Nance responds to Sheriff Harding

-A A +A

Albemarle sheriff believes Soering should be released

By Tom Wilmoth

    While commending Albemarle County Sheriff J.E. “Chip” Harding for his service, Bedford County Commonwealth’s Attorney Wes Nance doesn’t agree with the stance that Governor Terry McAuliffe should pardon convicted double-murderer Jens Soering.
    Three months ago Rosenfield had asked Harding if he would  review the Soering investigation and trial for the 1985 murders of Bedford County residents Derek and Nancy Haysom. A press release about the letter, from Harding, states that he put more than 200 hours of investigation, pro bono, prior to writing his letter in support of Soering.

    But Nance takes issue with just what Harding studied during that investigation.
    Nance said the Albemarle sheriff focused on documents, interviews and other materials that have been used by those fighting for Soering’s release, while failing to deal with those who worked the entire case against Soering through his confessions, arrest and trial.
    Harding’s investigation also includes watching a documentary filmed as an attempt to promote Soering’s innocence.
    The only interview with a Bedford County deputy comes from an investigator involved with the start of the case, but not throughout its entirety.
    In addition, Nance said Soering’s co-defendant, Elizabeth Haysom, the daughter of Derek and Nancy Haysom, continues to acknowledge the role both she and Soering played in the murders.
    “Sheriff Harding’s investigation is somewhat incomplete and lopsided,” Nance said. “That’s where my concerns are with his conclusions.”
    Nance said he also disagrees with the characterizations of then Commonwealth’s Attorney James Updike, now the Bedford County Circuit Court Judge.
    Harding’s characterizations are “not consistent with  the person I have practiced with the past 16 years,” Nance said, stating Updike is a “model of professionalism and ethics.”
    Nance said Soering, who has failed to get a judicial ruling for his side, has now turned to a political method to try and secure a pardon or parole.
    Nance said the Commonwealth’s Attorney’s office is serving as a resource for the investigators convinced of Soering’s guilt and that he is in regular contact with the Sheriff’s Department concerning the issue.
    “The Sheriff’s Office actively sends letters countering the claims of Soering and his attorneys,” Nance said.
    The press release from Harding about his letter states that his actions are believed that this is the first time in Virginia’s history that an active sheriff has written such a letter of support to a pardon request.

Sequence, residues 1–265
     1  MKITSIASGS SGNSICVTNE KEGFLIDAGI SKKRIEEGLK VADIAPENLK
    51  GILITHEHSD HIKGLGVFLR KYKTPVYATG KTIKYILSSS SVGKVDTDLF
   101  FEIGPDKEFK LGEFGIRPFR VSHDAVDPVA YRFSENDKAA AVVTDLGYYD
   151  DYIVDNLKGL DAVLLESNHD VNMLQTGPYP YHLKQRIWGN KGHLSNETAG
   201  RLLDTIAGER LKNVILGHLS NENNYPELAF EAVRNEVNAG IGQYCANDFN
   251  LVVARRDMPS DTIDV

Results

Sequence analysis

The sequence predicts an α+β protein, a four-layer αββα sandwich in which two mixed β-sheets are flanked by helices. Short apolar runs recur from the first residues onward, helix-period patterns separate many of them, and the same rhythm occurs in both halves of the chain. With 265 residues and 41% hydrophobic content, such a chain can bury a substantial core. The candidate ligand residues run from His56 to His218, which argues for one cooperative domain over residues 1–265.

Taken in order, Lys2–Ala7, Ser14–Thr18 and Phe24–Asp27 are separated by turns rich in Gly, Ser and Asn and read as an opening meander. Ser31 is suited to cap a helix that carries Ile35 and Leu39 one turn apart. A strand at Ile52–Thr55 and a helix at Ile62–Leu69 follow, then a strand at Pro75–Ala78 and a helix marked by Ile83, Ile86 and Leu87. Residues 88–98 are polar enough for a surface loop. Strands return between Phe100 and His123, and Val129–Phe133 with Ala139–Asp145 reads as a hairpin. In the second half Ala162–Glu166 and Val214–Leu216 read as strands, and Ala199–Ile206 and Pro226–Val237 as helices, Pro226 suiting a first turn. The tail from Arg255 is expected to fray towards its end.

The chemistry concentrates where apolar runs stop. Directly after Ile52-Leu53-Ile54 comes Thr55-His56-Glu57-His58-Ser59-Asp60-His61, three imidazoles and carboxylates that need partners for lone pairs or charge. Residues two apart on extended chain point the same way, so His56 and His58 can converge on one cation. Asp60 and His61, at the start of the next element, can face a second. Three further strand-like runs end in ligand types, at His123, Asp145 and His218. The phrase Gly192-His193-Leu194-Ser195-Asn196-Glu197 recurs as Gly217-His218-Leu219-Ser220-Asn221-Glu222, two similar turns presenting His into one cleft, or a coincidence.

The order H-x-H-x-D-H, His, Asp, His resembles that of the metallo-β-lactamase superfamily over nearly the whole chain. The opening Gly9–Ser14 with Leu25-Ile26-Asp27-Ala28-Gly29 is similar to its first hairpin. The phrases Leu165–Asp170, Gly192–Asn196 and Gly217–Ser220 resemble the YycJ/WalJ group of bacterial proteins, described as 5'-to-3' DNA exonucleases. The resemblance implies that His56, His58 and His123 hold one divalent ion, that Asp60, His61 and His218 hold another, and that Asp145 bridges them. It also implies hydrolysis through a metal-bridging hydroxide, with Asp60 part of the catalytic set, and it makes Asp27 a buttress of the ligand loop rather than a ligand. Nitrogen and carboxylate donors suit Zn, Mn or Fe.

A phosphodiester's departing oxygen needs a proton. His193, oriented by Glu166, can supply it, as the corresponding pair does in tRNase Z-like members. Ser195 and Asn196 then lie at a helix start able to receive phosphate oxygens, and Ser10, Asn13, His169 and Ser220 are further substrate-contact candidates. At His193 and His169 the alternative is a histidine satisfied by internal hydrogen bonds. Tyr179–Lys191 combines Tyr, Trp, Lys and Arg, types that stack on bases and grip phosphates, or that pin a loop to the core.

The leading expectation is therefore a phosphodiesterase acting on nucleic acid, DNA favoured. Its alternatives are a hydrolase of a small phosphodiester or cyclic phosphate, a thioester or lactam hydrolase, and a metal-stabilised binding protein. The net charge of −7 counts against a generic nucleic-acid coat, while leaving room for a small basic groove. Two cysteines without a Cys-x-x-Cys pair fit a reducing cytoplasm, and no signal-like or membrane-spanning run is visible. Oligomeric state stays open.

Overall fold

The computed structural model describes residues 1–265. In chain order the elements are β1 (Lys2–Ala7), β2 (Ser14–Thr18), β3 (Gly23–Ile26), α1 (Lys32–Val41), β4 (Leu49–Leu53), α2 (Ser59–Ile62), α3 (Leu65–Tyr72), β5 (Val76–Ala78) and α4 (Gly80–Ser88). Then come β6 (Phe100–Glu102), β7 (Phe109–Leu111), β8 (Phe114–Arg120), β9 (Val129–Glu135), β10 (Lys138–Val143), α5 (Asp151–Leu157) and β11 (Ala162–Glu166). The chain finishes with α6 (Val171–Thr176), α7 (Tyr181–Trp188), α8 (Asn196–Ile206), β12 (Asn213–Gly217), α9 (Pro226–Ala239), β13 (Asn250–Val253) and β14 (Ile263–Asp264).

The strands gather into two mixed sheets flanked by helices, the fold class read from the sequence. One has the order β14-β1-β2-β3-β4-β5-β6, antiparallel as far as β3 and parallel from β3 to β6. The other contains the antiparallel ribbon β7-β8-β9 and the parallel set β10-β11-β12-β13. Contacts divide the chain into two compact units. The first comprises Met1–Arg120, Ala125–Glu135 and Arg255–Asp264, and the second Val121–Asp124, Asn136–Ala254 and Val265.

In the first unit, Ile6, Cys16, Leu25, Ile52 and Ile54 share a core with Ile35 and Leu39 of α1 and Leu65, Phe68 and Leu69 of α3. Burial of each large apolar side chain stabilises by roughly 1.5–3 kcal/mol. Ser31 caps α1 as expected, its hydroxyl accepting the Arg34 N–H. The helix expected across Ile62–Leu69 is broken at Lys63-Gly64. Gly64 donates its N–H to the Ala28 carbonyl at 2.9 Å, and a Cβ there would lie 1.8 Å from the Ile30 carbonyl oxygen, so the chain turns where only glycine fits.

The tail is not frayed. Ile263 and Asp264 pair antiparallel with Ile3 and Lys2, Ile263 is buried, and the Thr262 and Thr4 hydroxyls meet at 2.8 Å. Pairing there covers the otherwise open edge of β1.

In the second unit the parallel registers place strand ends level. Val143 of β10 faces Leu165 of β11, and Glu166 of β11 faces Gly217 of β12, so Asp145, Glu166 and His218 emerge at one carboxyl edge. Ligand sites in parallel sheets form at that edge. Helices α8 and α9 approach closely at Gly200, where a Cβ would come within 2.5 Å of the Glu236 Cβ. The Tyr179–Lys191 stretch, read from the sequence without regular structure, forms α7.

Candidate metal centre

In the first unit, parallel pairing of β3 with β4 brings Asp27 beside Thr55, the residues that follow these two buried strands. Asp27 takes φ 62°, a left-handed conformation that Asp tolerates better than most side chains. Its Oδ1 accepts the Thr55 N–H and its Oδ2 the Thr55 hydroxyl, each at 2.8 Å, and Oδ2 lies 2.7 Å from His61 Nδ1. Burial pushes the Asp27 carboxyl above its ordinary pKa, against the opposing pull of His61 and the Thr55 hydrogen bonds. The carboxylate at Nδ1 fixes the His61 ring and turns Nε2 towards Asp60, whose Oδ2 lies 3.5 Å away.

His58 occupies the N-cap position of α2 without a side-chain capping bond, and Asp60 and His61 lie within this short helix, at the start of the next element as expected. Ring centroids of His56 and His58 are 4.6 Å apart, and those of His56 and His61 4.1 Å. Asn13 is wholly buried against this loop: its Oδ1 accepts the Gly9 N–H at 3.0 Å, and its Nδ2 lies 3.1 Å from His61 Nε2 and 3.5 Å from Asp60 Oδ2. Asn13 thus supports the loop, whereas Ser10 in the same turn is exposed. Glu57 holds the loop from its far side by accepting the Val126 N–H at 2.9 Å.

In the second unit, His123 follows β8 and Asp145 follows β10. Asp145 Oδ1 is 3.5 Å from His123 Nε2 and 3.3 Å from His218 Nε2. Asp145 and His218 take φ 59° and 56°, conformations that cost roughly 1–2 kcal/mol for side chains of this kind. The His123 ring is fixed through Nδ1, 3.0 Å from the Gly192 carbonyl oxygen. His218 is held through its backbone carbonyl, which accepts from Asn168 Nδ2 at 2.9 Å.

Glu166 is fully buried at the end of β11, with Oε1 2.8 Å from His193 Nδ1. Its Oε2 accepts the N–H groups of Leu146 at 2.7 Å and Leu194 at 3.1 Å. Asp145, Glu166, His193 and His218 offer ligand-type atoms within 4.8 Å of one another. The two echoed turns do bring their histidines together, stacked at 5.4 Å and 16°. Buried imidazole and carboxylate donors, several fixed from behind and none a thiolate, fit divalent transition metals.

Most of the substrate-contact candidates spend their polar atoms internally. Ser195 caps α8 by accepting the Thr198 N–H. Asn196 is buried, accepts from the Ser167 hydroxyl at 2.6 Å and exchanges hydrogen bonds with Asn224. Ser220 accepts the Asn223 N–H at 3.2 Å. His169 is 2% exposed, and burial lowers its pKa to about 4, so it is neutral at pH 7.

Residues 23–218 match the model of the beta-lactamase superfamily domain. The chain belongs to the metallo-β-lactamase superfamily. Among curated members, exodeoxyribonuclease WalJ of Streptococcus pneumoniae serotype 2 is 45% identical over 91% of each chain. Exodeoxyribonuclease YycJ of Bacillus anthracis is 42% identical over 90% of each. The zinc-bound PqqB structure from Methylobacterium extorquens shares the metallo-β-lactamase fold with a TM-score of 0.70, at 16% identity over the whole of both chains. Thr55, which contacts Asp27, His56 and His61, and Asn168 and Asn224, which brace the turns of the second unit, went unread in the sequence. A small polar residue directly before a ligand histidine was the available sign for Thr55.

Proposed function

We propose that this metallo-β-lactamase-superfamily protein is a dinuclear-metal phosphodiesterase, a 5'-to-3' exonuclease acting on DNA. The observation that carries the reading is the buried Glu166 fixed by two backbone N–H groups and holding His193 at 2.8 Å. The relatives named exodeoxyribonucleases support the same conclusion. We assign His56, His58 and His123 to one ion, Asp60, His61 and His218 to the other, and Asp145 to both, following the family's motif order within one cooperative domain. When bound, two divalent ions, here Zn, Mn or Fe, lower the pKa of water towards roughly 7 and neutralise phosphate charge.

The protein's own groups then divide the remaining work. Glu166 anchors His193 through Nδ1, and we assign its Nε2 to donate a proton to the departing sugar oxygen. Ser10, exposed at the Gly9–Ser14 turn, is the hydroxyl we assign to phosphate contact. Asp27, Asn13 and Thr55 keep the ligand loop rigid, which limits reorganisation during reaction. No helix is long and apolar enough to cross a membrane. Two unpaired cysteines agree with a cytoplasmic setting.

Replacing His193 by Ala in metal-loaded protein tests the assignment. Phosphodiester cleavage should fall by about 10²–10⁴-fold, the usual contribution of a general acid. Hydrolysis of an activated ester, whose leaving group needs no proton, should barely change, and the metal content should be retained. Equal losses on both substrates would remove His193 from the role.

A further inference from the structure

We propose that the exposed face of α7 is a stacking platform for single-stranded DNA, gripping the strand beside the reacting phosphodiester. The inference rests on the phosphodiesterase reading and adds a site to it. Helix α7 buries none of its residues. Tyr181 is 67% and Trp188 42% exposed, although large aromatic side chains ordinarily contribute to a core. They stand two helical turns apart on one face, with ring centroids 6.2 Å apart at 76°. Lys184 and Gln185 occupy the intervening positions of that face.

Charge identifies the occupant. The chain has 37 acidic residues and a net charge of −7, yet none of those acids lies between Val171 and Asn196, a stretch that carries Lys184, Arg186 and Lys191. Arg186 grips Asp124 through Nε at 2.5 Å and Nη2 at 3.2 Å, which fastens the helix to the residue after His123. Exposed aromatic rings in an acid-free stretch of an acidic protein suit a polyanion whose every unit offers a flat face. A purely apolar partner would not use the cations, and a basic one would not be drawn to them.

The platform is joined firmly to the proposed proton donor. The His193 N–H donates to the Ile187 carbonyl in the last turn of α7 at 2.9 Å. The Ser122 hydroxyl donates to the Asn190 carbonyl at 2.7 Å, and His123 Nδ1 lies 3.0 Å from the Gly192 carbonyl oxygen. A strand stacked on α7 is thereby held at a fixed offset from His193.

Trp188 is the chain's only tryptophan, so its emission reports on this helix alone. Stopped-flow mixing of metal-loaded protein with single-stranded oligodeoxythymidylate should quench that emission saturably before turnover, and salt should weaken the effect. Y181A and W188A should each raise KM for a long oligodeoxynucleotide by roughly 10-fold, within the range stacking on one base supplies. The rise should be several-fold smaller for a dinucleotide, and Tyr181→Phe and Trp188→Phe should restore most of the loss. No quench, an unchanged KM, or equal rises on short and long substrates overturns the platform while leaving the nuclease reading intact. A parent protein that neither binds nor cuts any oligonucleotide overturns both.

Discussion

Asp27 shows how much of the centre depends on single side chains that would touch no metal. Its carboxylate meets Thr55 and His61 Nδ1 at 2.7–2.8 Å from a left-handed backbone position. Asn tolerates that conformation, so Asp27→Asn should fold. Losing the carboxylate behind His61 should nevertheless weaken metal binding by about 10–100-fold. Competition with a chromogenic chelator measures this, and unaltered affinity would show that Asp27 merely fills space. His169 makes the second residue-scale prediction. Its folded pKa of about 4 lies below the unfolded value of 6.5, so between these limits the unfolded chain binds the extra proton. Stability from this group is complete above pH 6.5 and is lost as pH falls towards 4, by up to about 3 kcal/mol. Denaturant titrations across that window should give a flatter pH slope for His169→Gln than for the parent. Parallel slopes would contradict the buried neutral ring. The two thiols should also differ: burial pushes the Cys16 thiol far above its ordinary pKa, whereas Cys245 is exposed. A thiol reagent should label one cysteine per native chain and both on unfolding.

Harding stated in his letter that he began his examination  with knowledge of the case gained over the years from the news. He assumed Soering was probably guilty and he was in agreement with Governor McDonnell’s move to block Soering from being released to Germany.
    But now Harding states he has reached a conclusion that Soering could not be convicted today on the evidence that has since surfaced or was improperly submitted or omitted from the jury. He further states the evidence appears to support a case for his innocence.
    Harding’s letter follows letters of support written in recent years by two retired investigators that have also reviewed Soering’s case. Former Bedford Sheriff Investigator Chuck Reid, who was one of the investigators at the beginning of the investigation on the Haysom murders in 1985 reached the same conclusion as Harding.  Former Prince William County Police Department, Master Detective and first President of the “Virginia Homicide Association” Dave Watson, worked on the case for a year as a hired private investigator, wrote a letter in 2012 stating  that there was not enough evidence to convict beyond a reasonable doubt, noted Harding.
    Harding concludes his letter by stating:  “Based on my training and experience, almost every piece of evidence raised by the prosecution is subject to inaccuracies, unreliabilities, and scientific contradictions. The jury was misled in many places, and the lead defense lawyer was mentally ill and later disbarred. The result was that the defense counsel was mediocre at best. The jury was not aware of significant evidence contradicting the prosecution’s case, and the defense failed to raise those contradictions.  This was not a just outcome for the many reasons raised above.”